After eighteen months as Deputy Commander of LOGCAP, Afghanistan, he went to Iraq to work with the transition of the contracts and services provided for the military, over to the Department of State, as our troops withdrew from the country, and diplomats replaced them .
Finally in March of 2011, he returned home to Sealy, and went back to work for BAE Systems, where he held his civilian position, and retired from the military after thirty years of service. He loved every day of the thirty years that he served, and retired from service reluctantly. He quickly realized that the plant where he held a civilian position as a Program Manager, and where the MRAP vehicle was produced, was winding down.
He had done excellent work with the transition, and not only did I realize it, but the State Department did as well, and they offered him a temporary position, which later became permanent. Of course this didn't completely thrill me, because it meant that we were to spend more time apart. The evidence of his value in the processes involved in supporting those who work to preserve the ground gained, and the fledgling government which replaced a tyrant in Iraq, was made clear when Randy was awarded the Contracting Officer Representative of the Year Award, and after only six months on the job. I knew when I married him how uniquely talented he was, and that he had spent his life in service, and would always be called to do so somewhere. I also knew that there would be periods of separation, but I didn't have any way of understanding how difficult those separations would actually be. They have proven the most difficult and challenging times of my life.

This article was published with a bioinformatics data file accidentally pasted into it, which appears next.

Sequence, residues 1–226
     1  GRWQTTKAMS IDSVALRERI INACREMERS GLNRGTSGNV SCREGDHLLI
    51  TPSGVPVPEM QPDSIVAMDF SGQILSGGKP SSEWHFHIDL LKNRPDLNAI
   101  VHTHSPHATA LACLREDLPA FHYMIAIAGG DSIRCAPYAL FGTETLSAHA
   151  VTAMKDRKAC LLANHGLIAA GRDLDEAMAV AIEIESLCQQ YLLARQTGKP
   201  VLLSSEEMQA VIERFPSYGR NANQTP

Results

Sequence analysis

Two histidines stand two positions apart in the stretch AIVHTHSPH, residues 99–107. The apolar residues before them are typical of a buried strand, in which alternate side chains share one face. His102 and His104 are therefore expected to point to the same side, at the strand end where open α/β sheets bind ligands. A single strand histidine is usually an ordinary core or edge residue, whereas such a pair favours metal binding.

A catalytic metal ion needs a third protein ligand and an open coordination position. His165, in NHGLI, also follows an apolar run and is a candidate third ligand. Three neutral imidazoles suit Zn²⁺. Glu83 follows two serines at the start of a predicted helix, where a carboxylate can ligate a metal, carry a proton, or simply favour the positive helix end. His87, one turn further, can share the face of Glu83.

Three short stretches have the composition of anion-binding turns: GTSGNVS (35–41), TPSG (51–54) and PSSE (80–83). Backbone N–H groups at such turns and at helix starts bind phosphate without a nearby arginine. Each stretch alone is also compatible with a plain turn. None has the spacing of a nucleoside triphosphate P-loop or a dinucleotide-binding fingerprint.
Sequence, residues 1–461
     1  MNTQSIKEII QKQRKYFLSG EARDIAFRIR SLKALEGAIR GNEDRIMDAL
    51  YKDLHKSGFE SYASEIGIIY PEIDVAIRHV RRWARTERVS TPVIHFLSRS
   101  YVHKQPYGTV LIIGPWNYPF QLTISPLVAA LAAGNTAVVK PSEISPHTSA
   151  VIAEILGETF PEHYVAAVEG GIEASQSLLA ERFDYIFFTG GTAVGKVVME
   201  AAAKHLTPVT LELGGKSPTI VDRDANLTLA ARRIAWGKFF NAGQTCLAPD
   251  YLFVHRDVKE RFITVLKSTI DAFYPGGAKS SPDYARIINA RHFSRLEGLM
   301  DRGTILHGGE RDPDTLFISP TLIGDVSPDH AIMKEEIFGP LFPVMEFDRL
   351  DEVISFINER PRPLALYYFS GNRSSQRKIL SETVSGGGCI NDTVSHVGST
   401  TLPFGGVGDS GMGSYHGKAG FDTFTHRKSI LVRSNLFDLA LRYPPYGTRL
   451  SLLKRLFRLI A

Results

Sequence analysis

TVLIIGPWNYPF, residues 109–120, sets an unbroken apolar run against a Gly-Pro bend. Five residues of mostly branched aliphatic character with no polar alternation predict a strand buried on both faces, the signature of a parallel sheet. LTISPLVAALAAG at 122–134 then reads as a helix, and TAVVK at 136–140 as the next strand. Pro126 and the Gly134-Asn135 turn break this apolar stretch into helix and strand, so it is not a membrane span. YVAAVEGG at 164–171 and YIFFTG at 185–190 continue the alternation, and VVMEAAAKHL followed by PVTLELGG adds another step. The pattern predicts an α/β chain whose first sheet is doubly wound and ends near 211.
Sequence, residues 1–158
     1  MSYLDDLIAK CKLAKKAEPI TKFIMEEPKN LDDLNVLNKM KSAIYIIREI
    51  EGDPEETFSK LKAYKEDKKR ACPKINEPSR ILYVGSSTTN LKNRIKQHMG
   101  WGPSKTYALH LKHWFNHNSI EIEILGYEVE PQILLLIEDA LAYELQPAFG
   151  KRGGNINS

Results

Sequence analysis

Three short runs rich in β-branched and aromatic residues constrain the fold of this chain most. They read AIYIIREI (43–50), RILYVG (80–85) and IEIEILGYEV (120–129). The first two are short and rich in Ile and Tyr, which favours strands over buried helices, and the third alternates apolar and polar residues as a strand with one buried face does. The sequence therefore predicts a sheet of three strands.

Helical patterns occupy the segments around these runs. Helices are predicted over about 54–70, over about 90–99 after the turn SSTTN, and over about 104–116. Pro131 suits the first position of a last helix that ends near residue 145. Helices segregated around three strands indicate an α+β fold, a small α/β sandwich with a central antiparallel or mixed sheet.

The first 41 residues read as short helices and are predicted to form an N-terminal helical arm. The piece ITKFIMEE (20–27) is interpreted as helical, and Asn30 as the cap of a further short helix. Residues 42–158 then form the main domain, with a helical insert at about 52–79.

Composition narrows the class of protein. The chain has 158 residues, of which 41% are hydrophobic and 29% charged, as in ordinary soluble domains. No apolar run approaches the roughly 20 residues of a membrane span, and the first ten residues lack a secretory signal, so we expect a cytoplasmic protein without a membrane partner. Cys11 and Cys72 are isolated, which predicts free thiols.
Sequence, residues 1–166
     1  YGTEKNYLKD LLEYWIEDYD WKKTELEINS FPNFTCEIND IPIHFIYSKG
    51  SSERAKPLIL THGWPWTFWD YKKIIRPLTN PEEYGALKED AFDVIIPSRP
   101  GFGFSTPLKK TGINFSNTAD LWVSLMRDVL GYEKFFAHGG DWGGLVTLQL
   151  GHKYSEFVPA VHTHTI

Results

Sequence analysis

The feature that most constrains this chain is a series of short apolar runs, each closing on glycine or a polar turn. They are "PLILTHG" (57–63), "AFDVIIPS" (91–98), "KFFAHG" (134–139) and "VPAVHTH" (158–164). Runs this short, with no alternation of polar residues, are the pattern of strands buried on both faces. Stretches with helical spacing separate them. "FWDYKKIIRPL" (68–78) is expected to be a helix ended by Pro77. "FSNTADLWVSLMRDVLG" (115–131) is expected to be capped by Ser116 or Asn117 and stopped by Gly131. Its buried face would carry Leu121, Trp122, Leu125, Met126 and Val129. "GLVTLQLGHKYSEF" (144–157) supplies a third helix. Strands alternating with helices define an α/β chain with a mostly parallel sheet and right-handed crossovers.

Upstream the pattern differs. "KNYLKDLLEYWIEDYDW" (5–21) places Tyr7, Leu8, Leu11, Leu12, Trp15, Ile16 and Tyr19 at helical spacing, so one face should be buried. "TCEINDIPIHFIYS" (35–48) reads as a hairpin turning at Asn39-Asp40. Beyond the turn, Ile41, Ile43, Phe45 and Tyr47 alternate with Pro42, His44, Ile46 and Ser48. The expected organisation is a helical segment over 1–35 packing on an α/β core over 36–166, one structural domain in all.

The separations were equally difficult for him, even as he flourished in his work, he missed the ranch and the comfort and support my physical presence provides. It is the greatest joy of my life to care for my husband, and I have always felt I was born to be his wife, his support, and his help mate. As my husband served, I came to know many people from the Middle East, and developed such respect for them, and the fascinating lands from which they came. The Cradle of Civilization still struggles to rise to its' destiny. When the opportunity for me to join Randy in Kuwait was realized, I knew we were destined for this time in our lives together in Kuwait.
There is so much work to be done, and we will be returning to Soldier's Heart Ranch, which will always be our home, when this service comes to an end, and so preparations for a caretaker must be made. For now I am constantly planning, and preparing, as June is the time frame of the move. While I am so excited, at the same time, the beauty of the place where we live, the wonderful times we spend with family and friends, and so many other blessings in our lives here, will be missed.
As we prepare for the move, I will be searching for information to prepare myself for the opportunity of a lifetime that is coming to me. I will learn as much of the history of Kuwait, and countries of the Middle East, and the customs and culture where we will call home for the next several years as I can. I will share our journey in this blog, to the end that we can share our blessing with others, and promote the understanding between people of the Middle East, and those of our own country.